"A New York Treasure" --Village Voice

What’s Old is New

I love books. Love them as objects. I want to hold them, sometimes mark them up with a pen, dog-ear the pages. I like to look at them on my shelves at home. I don’t own a Kindle or a Nook but I don’t have any beef with them either. For some people they make all the sense in the world. I think you can like both formats. But this piece by Tim Parks in the New York Review of Books gave me a new appreciation for E-books:

Literature is made up of words. They can be spoken or written. If spoken, volume and speed and accent can vary. If written, the words can appear in this or that type-face on any material, with any impagination. Joyce is as much Joyce in Baskerville as in Times New Roman. And we can read these words at any speed, interrupt our reading as frequently as we choose. Somebody who reads Ulysses in two weeks hasn’t read it any more or less than someone who reads it in three months, or three years.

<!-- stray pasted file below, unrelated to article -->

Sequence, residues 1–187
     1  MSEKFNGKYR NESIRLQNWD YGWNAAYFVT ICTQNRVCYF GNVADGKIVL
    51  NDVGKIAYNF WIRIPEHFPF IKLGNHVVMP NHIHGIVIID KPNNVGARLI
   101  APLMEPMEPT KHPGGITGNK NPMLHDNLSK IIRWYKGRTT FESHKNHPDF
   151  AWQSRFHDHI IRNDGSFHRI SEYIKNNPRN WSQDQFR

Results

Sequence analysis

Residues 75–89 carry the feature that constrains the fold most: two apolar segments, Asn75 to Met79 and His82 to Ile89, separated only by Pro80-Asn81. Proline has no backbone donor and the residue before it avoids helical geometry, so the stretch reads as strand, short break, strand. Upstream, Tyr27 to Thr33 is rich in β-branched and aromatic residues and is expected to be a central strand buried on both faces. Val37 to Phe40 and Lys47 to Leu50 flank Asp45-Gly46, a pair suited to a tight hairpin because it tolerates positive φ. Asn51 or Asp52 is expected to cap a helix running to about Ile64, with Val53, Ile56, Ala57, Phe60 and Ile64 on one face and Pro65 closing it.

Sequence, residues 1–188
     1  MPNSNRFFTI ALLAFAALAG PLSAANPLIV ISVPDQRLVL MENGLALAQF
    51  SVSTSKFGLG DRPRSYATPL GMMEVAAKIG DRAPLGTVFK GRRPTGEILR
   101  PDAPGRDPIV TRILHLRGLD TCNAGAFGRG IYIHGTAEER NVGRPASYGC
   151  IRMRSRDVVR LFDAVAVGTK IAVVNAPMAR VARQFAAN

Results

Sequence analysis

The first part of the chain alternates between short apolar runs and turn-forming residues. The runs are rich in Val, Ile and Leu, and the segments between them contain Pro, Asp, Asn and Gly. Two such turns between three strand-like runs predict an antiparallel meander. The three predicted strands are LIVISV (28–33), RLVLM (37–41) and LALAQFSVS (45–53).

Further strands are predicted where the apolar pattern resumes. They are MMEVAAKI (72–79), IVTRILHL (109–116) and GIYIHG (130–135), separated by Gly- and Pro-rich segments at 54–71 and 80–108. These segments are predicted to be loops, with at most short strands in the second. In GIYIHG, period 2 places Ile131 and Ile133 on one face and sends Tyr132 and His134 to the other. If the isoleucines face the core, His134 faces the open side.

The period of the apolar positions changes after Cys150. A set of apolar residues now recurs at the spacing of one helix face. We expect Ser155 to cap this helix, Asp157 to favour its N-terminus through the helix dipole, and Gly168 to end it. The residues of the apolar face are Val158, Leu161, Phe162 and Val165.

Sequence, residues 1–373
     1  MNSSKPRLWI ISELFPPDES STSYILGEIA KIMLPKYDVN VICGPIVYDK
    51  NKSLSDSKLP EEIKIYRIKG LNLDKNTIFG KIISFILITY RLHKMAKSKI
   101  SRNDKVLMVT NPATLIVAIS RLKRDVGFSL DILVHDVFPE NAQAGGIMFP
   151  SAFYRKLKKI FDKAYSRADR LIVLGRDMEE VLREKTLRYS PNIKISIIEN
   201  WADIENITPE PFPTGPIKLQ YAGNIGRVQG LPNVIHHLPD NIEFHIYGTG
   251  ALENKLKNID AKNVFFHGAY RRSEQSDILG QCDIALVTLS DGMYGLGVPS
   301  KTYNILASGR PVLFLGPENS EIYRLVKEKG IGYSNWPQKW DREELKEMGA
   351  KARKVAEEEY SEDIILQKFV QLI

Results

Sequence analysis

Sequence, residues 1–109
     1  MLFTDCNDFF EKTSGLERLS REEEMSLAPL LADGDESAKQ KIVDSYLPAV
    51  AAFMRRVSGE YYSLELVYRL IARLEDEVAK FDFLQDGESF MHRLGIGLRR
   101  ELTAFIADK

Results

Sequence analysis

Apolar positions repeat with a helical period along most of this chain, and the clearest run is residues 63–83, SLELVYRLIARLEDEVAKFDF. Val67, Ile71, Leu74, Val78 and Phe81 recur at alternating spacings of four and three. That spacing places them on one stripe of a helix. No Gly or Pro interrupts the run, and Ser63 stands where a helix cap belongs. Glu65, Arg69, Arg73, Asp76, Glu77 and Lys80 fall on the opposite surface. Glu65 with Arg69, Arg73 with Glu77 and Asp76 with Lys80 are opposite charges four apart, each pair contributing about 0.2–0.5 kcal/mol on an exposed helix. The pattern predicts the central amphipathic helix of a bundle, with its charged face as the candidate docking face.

Only the sequence of the words must remain inviolate. We can change everything about a text but the words themselves and the order they appear in. The literary experience does not lie in any one moment of perception, or any physical contact with a material object (even less in the “possession” of handsome masterpieces lined up on our bookshelves), but in the movement of the mind through a sequence of words from beginning to end. More than any other art form it is pure mental material, as close as one can get to thought itself. Memorized, a poem is as surely a piece of literature in our minds as it is on the page. If we say the words in sequence, even silently without opening our mouths, then we have had a literary experience—perhaps even a more intense one than a reading from the page. It’s true that our owning the object—War and Peace or Moby Dick—and organizing these and other classics according to chronology and nation of origin will give us an illusion of control: as if we had now “acquired” and “digested” and “placed” a piece of culture. Perhaps that is what people are attached to. But in fact we all know that once the sequence of words is over and the book closed what actually remains in our possession is very difficult, wonderfully difficult to pin down, a richness (or sometimes irritation) that has nothing to do with the heavy block of paper on our shelves.